Bookish Discussions

Charles Dickens’ Hard Times:



‘Now, what I want is Facts. Teach these boys and girls nothing but Facts. Facts alone are wanted in life. Plant nothing else, and root out everything else. You can only form the minds of reasoning animals upon Facts; nothing else will ever be of any service to them’

Rating: 4.5 stars (originally 4)

Read: 11 October – 14 October, 2018

I fell in love with Hard Times back in December, 2016. It was the first Dickens’ novel that I read, understood and thoroughly enjoyed. I’m so happy I was asked to re-read it for my Victorian Realism class; it was such a joy to re-visit these characters. If you haven’t read this one before, I’ll leave the Penguin English Library blurb below (I hope it convinces you to pick a copy up!):

Hard Times is a searing, passionate criticism of a world that values material success and rationalism above the human heart. Mr Thomas Gradgrind, headmaster of Coketown school and model of Utilitarian virtue, feeds his pupils and family with ‘nothing by facts’, banning fancy and wonder from their minds. His neglect of feelings leads to both personal misery and strife in wider society. Dickens’ novel is a celebration of the power of the imagination. 

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Bookish Discussions

The Condition of the Working Class in England:



‘The middle classes have a truly extraordinary conception of society. They really believe that human beings […] have real existence only if they make money or help to make it’

Rating: 4 stars

Read: 21 September – 25 September, 2018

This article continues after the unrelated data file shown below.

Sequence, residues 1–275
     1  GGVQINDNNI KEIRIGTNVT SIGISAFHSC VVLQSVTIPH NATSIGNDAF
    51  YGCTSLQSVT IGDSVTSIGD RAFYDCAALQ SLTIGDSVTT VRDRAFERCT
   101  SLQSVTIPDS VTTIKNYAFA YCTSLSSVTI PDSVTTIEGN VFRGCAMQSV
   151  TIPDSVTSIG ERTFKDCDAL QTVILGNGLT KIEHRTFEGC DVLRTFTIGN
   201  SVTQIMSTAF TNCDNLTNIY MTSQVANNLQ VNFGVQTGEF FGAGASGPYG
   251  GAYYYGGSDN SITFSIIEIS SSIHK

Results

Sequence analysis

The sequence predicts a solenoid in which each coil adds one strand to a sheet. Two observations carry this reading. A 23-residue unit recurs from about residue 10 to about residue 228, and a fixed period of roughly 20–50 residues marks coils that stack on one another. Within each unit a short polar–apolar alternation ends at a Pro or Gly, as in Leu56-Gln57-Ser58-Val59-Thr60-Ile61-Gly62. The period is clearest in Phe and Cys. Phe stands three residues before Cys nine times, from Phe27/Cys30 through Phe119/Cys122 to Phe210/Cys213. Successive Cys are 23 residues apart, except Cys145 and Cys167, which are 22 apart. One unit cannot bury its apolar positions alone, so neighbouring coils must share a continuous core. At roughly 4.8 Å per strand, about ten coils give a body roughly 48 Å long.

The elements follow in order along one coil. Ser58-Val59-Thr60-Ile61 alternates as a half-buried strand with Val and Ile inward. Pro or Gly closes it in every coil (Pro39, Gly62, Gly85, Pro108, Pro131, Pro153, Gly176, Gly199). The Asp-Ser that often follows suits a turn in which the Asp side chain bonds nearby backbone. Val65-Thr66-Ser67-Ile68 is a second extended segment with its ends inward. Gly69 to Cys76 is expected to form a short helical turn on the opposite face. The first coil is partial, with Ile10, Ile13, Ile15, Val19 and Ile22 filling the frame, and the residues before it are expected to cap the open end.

I’m happy that Friedrich Engels’ study of the working class in England (well, four chapters of it) was a compulsory read for university. I doubt I would have picked it up otherwise. I decided to read it in its entirety and I don’t regret my decision. Written during his stay in Manchester from 1842-1844, Engels complied his own observations with contemporary reports to detail the life of the victims of early industrial change. As my edition states, this historical study pairs brilliantly with contemporary writers such as Dickens and Gaskell.

It was a very hard read but, in the end, it was also very rewarding. It took me a while to make my way through, sometimes taking me an hour to read one chapter. It’s very detailed. Engels picks apart the relationship between the workers and bourgeoise, exploring all aspects of it. I looked at the proletarian in agricultural districts, mining districts, in factory settings, and more. I looked at the Irish and their relationship with the English workers and the property-holders. I looked at the conditions of the working-class, both in cities and in domestic spaces. There was so much packed into this.

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